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Spy Murder Probe Likely to Further Strain British-Russian Relations

Henry Ridgwell

With relations between Russia and the West spiraling to new lows over Ukraine, bilateral ties between London and Moscow themselves are becoming more strained as the inquest into the murder of a former Russian spy gets underway.
A judge this week began hearings into the death of Alexander Litvinenko, who died in 2006 after ingesting polonium-210, a highly radioactive isotope.
British investigators have accused two Russians of poisoning Litvinenko’s tea at a London restaurant. The two men, one of whom is now a member of Russia’s parliament, have repeatedly denied involvement. Moscow has refused British requests to extradite them, citing constitutional restrictions.
Litvinenko had fled to Britain in 2000 after making sensational accusations about terrorist bombings in Russia. On his deathbed, he accused Russian President Vladimir Putin of ordering his assassination.
Ben Emmerson, a lawyer for the Litvinenko family, told the panel earlier this week that Litvinenko’s death was an act of terrorism.
“It is and was an act of nuclear terrorism, on the streets of a major city, which put the lives of numerous other members of the public at risk,” he said.
“The startling truth which will be revealed by the evidence in this inquiry is that a significant part of Russian organized crime is organized directly from the offices of the Kremlin,” he said.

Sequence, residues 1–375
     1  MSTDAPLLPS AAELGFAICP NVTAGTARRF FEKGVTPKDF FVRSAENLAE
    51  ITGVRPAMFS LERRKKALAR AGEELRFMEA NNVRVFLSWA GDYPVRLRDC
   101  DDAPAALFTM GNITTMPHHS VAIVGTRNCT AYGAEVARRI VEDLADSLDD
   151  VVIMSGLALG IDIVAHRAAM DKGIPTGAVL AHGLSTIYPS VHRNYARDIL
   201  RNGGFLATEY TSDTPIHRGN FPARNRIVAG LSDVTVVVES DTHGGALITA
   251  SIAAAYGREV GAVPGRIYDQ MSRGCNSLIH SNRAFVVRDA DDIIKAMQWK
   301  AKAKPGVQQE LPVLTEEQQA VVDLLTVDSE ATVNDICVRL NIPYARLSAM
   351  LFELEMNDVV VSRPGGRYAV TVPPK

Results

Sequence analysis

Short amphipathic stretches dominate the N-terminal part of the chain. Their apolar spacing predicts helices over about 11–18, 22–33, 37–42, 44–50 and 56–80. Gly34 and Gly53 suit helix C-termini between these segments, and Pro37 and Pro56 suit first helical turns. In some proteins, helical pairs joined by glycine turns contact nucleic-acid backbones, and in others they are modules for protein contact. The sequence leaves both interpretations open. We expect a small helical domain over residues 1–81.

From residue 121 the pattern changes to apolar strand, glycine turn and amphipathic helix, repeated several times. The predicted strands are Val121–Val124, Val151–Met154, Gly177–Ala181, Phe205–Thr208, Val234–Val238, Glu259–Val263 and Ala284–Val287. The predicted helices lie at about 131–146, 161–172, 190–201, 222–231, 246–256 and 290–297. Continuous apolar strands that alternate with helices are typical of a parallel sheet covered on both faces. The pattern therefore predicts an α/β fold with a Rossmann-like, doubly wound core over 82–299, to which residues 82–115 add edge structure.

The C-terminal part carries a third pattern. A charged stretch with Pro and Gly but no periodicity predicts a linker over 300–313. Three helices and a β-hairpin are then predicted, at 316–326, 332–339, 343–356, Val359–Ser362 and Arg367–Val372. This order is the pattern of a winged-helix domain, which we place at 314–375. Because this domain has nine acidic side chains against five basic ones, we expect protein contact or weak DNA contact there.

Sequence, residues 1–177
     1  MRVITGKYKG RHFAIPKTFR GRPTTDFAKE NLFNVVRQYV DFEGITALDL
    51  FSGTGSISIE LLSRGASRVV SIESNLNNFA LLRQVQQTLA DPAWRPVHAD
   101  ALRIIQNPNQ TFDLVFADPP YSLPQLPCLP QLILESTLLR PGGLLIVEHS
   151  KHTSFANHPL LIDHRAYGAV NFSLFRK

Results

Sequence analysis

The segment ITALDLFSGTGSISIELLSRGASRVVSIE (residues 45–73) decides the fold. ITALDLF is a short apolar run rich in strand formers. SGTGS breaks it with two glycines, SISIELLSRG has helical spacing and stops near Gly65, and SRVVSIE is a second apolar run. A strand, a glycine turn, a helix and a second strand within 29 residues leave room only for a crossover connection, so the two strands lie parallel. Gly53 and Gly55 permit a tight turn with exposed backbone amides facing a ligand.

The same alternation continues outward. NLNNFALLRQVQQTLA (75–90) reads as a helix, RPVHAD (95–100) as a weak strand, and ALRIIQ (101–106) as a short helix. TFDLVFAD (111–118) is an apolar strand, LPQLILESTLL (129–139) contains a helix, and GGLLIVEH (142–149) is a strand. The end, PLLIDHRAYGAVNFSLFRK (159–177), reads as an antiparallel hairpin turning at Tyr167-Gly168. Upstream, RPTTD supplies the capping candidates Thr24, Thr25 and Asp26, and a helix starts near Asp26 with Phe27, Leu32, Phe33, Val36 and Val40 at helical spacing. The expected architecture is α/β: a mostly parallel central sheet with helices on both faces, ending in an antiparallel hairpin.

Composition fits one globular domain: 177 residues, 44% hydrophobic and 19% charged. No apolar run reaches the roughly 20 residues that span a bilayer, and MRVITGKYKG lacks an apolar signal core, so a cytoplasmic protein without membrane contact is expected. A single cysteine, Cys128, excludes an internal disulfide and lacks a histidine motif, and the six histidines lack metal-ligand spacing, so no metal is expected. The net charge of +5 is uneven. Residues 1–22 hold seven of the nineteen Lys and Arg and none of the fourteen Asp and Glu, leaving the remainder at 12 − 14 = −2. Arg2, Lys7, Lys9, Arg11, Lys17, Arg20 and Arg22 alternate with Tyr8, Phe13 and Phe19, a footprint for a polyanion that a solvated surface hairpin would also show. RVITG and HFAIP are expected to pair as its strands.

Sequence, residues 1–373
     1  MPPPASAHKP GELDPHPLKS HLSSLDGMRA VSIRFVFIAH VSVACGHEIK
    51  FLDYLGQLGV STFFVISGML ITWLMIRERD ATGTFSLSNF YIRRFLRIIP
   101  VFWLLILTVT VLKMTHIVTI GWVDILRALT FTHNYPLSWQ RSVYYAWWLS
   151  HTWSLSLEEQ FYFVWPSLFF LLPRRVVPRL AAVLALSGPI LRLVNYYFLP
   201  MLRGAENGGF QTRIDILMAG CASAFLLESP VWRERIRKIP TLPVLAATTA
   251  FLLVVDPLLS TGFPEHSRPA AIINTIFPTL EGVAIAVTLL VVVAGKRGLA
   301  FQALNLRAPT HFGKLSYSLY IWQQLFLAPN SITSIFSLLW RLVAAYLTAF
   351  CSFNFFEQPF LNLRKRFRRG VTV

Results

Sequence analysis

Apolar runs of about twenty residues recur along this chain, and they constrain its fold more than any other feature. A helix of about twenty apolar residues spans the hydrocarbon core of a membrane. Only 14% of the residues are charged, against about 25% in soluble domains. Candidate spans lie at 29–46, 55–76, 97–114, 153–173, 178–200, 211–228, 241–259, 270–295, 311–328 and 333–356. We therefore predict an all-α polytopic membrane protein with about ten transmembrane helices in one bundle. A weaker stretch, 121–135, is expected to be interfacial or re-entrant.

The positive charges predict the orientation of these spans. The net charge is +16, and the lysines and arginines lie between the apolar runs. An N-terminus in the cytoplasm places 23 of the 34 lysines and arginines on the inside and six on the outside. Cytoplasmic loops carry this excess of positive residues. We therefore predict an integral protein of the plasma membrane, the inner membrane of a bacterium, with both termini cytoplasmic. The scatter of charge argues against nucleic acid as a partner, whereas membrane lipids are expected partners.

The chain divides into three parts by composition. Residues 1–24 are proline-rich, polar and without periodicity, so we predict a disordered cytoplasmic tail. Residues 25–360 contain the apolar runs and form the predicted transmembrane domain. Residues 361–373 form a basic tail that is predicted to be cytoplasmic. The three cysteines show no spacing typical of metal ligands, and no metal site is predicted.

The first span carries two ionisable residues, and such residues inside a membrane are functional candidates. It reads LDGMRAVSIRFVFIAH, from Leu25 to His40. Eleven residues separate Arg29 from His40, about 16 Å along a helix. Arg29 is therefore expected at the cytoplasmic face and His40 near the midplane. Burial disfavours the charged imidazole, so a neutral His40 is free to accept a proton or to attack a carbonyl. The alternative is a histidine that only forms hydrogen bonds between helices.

The British government originally rejected holding an inquiry, partly on the ground that it could damage relations with Russia. The inquiry will take evidence for eight weeks, and observers expect more damaging accusations to emerge against the Russian government.
Litvinenko’s widow, Marina, said Russia’s actions in Ukraine demonstrate  Moscow’s willingness to order her husband’s murder.
Also this week, Royal Air Force fighter jets intercepted two Russian long-range bombers, known as Tu-95 “Bear” bombers, close to British airspace, prompting authorities to summon Moscow’s ambassador to complain.
Similar Russian flights have become more frequent, not only near Britain but also near American airspace and that of other NATO allies since the conflict erupted in Ukraine last year.
Elizabeth Quintana, an analyst with the Royal United Services Institute, said the Russian aircraft normally skirt Britain's far northern airspace. This time, the flight path was different, she said.
“They were right down on the south coast over the Channel between the UK and France. Also, they were flying without their transponders on … there was particular concern because that means they would have crossed very heavy trans-Atlantic traffic,” she said.
She said Moscow could have directed its bombers toward Britain in response to the Litvinenko inquiry.

Both the West and Russia, she said, “are probing each other’s defenses, testing how quickly they react, seeing if there are any weaknesses. And also signaling to each other, signaling discontent.”